The baby girl born in 1929 with a bubble in her mouth is now gone. Belle Miriam Silverman, known as "Bubbles" to her family and Beverly Sills to opera fans the world over, passed away from lung cancer on July 2 this year.
How to commemorate a woman who was so much more than her career! Her life spoke to me and many others in so many different ways. In her, I saw everything I cherish and strive to be, as an artist and a human being.
Growing up in the '70s in the United States, it was hard for me to miss Beverly Sills. Her vivacious personality, her sense of humor, her frankness and her ability to deflate the myth of the overblown opera singer made her a regular guest on television talk shows and specials. She starred in eight operas on PBS, as well as memorable specials such as Sills and Burnett at the Met (with Carol Burnett), Profile in Music, which won an Emmy, and A Conversation with Beverly Sills. When asked by Dick Cavett what she thought of her colleagues' intelligence, she retorted with a giggle, "Let me explain it like this: if it's a summer engagement and you go down to the pool, all the baritones are reading the stock market pages and all the tenors are reading the comics." Never one to miss a beat, she once teased Johnny Carson, who was disparaging his own voice, reassuring him, "I think you have a nice voice … It's just not suitable for singing!" Her voice was matched only by her warm, unmistakable laugh.
Sills used her fame to further the many causes dear to her heart. Inspired by her own disabled children, she became National Chair of the March of Dimes' Mothers' March on Birth Defects. During her tenure, she helped raise over $80 million for the charity — and that was just one of many causes she supported.
She was adamant that the arts be available to everyone and placed a high value on ingenuity, gumption and frankness. As a singer and later as general director of New York City Opera, she championed American composers, new repertoire, and innovative approaches to direction. Ever practical, she was one of the first directors to use supertitles, saying, "Do I want to tell someone who has worked on Wall Street until 5:30 to study the libretto or take a course in German? Do I want people sitting in my audience with a libretto and flashlight?"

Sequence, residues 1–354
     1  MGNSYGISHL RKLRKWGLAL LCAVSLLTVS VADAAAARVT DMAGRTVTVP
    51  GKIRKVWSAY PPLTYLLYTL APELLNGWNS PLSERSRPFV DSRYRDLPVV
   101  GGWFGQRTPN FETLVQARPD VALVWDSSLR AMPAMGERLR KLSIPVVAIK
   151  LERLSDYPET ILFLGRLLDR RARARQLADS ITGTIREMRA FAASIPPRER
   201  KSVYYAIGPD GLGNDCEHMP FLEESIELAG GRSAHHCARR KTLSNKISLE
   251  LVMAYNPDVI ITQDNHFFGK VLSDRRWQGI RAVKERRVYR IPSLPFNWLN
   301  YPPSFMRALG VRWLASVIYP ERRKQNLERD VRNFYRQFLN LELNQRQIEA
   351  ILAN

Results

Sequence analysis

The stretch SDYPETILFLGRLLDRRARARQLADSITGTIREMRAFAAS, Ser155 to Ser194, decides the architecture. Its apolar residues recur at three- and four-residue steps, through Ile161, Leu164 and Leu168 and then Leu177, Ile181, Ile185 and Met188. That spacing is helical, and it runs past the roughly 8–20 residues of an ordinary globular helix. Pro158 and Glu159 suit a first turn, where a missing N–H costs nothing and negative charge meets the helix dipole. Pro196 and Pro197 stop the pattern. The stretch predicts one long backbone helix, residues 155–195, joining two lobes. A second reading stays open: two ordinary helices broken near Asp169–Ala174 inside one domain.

She made it a point of national pride to support young American artists. To this end, she made New York City Opera a showcase for young American talent during her tenure as general director. "I think the days of America's inferiority complex in the arts are over," said Sills. "You don't need a hard-to-pronounce name to succeed nowadays. It is much more difficult to raise funds for the arts now, but at least we're used to it in America — and initiative is something we can teach Europe. I'm a big believer in American know-how, and I also believe in the quality of American audiences. I don't think God kisses ears more passionately in Italy than he does in New York or Chicago."
The daughter of Romanian and Ukrainian Jewish immigrants, Sills started singing at age seven on Uncle Bob's Rainbow Hour and Major Bowes' Amateur Hour. Fifteen-minute lessons led to full-time studies with famed voice teacher Estelle Liebling, followed by a tour with the Liebling Singers. She later joined a national tour of Gilbert and Sullivan operettas, sang and played in a private gentleman's club and toured with the Charles L. Wagner Opera Company. Eventually, Sills sang with regional opera companies and orchestras, culminating in her long-time relationship with New York City Opera.
She nearly retired at one point because of the challenges of raising two disabled children — her daughter was profoundly deaf and her son severely mentally retarded — but conductor Julius Rudel badgered her out of it. By the mid-1960s, critics, fans, and colleagues noted her new-found assurance and interpretive skills. Sills even admitted, "I had found a kind of serenity, a new maturity as a result of my children's problems. I didn't feel better or stronger than anyone else but it seemed no longer important whether everyone loved me or not — more important now was for me to love them. Feeling that way turns your whole life around: living becomes the act of giving."
In 1966, New York City Opera's Guilio Cesare catapulted her to international superstardom. She was on the cover of Time magazine a few years later. Discussing her sudden success after her Cleopatra, Sills declared, "If that was an overnight success, it was the longest night of my life!" She was to garner acclaim in numerous roles, but curtailed European engagements in order to take care of her children's needs.
Dubbed "Il Mostro," "La Fenomena," and "The Fastest Voice Alive," Sills was nevertheless a great singing actress, not content just to make a beautiful sound. "I'm a visual performer," she said. "I have to act, use facial expressions, get mood changes across." She took extra care to sing things that interested her dramatically, meticulously prepared them, chose her directors carefully and tried to challenge herself more each time she essayed a role.
It's difficult, with so many attributes, to admit that it was her voice I loved the most — silvery with an agility that boggles the mind, with high notes that spun, shimmered and hovered above you. Her voice had a touch of a cry in the sound that made me feel that she, too, was about to cry from the sheer beauty and emotion of the sound she gave us. Not bad for a self-professed "tough kid from Brooklyn." We will sorely miss Beverly Sills — the administrator, fundraiser, artist and human being — truly America's Queen of the Opera.